This year the Huntington celebrates the centennial of its spectacular desert garden, one of the largest such collections of cacti and other succulents in the world. Visitors to the twelve-acre garden marvel at its more than 3,000 species, including the vivid blue and green Puya, a rare type of bromeliad; the Lithops, or “living stone,” whose camouflaged leaves mimic the shape and color of rocks; and the dazzling red, orange, and yellow torch-like blooms of the winter-flowering aloe.
In this beautifully illustrated volume, Lyons draws on decades of experience with these unusual specimens to explore the Huntington’s desert garden. He tells of its early development, describes its principal collections, and gives instructions on the care and landscaping of desert gardens.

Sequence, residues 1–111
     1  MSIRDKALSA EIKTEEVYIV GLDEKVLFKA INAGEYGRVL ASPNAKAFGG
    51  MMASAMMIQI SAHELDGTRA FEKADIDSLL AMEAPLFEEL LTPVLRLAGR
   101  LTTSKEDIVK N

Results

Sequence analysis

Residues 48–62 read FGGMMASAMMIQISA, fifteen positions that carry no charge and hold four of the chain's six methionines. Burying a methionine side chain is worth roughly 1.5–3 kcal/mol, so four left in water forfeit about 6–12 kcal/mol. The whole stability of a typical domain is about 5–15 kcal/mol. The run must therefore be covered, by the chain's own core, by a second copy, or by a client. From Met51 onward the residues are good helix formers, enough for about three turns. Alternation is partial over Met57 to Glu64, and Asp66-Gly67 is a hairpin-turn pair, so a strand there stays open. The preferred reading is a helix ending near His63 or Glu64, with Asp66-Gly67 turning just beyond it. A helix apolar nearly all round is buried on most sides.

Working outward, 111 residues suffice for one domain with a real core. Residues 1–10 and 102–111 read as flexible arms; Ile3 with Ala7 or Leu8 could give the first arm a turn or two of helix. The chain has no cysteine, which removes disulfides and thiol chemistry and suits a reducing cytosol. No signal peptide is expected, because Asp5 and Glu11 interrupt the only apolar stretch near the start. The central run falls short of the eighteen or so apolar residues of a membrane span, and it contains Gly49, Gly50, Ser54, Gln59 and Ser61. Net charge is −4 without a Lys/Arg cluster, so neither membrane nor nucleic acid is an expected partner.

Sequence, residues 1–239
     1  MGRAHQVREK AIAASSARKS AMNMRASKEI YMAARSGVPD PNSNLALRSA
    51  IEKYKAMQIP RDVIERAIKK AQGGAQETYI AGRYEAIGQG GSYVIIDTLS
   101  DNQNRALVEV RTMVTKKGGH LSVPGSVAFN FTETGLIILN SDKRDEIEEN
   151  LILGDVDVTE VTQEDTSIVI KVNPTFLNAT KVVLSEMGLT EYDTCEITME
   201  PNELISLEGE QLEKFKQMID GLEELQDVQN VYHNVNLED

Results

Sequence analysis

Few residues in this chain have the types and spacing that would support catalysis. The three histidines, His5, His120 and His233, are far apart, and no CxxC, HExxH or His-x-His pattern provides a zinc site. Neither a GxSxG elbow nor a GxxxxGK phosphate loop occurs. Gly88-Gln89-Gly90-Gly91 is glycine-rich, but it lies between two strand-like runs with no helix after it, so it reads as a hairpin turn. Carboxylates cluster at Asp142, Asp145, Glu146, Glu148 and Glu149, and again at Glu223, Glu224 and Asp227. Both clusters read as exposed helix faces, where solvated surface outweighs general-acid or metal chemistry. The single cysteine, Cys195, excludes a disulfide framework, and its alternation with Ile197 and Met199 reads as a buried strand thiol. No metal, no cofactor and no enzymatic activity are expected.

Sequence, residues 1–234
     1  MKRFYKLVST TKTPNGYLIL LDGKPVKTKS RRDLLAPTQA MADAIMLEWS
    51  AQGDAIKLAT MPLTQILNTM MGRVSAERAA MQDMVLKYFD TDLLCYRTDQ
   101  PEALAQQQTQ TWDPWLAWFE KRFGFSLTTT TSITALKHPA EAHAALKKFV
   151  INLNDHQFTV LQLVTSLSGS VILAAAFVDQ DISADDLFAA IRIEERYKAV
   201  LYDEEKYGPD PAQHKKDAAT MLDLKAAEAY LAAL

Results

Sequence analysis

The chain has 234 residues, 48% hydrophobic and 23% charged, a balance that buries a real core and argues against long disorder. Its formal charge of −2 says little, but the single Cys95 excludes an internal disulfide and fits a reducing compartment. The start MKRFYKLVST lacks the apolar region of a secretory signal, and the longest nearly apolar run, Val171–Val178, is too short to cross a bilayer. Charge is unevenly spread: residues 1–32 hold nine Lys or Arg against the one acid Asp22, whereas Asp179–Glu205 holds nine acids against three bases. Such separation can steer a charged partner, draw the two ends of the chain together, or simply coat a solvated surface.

About the Author
Gary Lyons, curator of the Huntington’s desert garden, is a member of the World Conservation Union’s Species Survival Commission, a fellow of the Linnean Society of London, and the author of numerous articles on desert gardens.